For my first lesson, my Daddy took me to Thornton and Emily’s house. Everything Emily showed me that evening, I just soaked up. The first tune Emily taught me was “Cripple Creek,” which she recorded for me on a cassette tape, playing it real slow so I could have something to listen to when practicing. She also gave me the song written out in a tablature that looked like numbers with exponents. It proved to be a big help because there were so many things to concentrate on all at the same time! She and Thornton showed confidence in me, and this helped me have confidence in myself. At the end of the first lesson, I asked if I could come back the next Wednesday for another lesson. This was a turning point. Emily’s help and influence really made me feel like I could play this instrument.

The whole next week I practiced playing the banjo – I practiced in the bedroom, in the living room, and out on the front porch. By the next Wednesday, I could play a slow, but recognizable version of “Cripple Creek.” I went back to show Emily and Thornton my progress and ask for another song. This went on, week after week, until wintry weather came and we took a break from the lessons. She and Thornton were full of praise and encouraging words, and this helped me begin to establish a strong foundation in music.

A teenage Trish Fore playing banjo onstage with Thornton Spencer and Emily Spencer.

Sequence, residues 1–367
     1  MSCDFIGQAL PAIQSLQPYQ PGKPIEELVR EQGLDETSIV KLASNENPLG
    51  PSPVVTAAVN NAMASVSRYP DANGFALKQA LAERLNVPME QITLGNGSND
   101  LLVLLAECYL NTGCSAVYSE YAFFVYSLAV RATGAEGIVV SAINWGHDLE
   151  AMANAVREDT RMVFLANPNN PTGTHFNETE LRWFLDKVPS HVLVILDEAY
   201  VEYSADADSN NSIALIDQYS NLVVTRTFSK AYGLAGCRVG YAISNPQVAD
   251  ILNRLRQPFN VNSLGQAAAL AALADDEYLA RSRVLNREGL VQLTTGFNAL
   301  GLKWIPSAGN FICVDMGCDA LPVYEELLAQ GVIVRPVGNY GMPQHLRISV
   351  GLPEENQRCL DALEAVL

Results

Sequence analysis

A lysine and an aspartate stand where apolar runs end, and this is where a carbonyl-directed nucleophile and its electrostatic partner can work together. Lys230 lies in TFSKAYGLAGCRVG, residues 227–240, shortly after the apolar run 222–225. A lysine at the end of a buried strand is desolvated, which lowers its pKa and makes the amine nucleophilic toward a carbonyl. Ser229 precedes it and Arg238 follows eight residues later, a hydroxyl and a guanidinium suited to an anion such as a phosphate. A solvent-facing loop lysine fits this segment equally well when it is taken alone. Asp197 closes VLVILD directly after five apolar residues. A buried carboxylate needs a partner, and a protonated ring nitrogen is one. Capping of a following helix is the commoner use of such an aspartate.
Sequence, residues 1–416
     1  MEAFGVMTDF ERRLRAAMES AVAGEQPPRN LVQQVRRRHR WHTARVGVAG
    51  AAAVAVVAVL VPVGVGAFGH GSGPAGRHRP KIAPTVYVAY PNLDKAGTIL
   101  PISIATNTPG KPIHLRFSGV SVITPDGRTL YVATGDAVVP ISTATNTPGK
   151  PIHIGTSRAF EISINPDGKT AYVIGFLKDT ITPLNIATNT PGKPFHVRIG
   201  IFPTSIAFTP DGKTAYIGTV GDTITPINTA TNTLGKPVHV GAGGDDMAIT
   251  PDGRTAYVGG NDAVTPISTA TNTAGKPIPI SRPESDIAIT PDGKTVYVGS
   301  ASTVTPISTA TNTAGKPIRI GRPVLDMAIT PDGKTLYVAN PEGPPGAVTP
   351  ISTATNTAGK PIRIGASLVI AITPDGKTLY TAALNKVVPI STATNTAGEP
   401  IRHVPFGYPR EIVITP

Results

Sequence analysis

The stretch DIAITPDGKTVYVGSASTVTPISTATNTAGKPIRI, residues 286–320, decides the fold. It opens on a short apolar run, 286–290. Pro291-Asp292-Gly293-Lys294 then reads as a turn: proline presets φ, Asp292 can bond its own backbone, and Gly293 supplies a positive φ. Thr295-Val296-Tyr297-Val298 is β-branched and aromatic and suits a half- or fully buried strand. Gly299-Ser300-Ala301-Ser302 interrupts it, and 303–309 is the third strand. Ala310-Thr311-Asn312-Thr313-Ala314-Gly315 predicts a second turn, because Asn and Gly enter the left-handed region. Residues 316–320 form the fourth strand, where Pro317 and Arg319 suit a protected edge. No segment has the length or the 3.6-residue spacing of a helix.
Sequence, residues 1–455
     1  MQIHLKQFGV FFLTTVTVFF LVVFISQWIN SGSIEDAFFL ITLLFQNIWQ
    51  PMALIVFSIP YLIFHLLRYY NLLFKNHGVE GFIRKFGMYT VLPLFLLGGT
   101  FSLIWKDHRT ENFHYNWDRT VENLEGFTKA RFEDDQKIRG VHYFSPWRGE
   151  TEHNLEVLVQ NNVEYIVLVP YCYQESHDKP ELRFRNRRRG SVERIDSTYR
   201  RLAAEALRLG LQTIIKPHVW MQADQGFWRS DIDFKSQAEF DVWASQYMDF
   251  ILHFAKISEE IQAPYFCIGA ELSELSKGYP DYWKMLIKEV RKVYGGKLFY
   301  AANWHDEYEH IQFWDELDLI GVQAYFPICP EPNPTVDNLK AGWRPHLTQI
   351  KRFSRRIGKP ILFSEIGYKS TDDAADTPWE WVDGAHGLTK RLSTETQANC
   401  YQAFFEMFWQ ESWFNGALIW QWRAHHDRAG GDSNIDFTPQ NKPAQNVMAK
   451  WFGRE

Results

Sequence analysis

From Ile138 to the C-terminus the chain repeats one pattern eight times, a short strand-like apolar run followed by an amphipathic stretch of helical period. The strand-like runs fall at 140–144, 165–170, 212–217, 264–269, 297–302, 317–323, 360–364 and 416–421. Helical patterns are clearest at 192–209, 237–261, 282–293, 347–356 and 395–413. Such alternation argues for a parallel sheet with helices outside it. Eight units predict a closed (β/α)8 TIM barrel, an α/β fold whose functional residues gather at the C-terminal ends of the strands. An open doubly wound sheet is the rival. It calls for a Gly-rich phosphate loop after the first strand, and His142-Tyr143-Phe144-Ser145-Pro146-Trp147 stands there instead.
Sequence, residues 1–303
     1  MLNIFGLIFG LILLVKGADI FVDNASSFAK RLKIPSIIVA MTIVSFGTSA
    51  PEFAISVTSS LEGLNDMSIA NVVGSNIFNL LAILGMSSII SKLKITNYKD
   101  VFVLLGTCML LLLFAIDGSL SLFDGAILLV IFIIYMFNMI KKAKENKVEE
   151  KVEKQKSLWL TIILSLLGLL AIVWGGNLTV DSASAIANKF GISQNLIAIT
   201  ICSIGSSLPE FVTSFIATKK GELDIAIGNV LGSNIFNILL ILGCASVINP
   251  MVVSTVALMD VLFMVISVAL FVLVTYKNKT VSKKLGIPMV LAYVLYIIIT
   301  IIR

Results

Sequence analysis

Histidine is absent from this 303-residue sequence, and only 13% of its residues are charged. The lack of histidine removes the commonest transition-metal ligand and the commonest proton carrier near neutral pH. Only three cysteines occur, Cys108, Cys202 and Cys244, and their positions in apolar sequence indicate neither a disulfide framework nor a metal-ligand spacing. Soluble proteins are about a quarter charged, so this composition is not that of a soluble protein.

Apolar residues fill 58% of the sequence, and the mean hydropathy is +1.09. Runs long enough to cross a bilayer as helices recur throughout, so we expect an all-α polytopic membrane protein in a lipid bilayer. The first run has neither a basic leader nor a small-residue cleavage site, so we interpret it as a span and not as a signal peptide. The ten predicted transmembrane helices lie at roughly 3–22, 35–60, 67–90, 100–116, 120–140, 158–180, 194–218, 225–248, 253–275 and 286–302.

Me with Thornton and Emily onstage in the gym of the Mount Rogers Combined School. © Judy Kilby

All the while I continued going to The Music, and soon I started to take my banjo with me. I finally found the courage to talk to Dee-Dee Price, the woman I had seen playing the banjo first. She was always nice, giving me pointers on playing tunes. After a while, when I could follow along with music, Dean would call out the chords to me so I could keep rhythm and play along with the group. Watching Dee-Dee play, along with Dean calling out the chords, helped me develop my timing and my ear.

In ways, this all seems like a long time ago, and in ways it seems like yesterday. Dee-Dee and Emily were my earliest influences on the banjo and both of them inspired me to play. Over the years in addition to Dee-Dee and Emily, I’ve been lucky to have many influences on my banjo playing including Howard Wallace, Wade Ward, Enoch Rutherford, Larry Pennington, and Harold B. Hausenfluck. I’m currently in my 40th year and I’m coming up on my 26th year of playing the banjo. Although I’ve been on several recordings in the past, I’m currently working on my first solo recording project which should be released in May. Check out my recording of “Cuttin’ the Cornbread” from that project here:

I truly feel that God has led me here. When the door to playing softball was shut, He opened the door to music.

Trish Kilby Fore plays the clawhammer banjo with various groups, including The Cabin Creek Boys, and is Assistant Director of the Galax-Carroll Regional Library. She is married to banjo builder Kevin Fore and lives near the Blue Ridge Parkway in Carroll County, Virginia. 

Trish Fore playing banjo in the recording studio.

Recording in the studio. © Kevin Fore.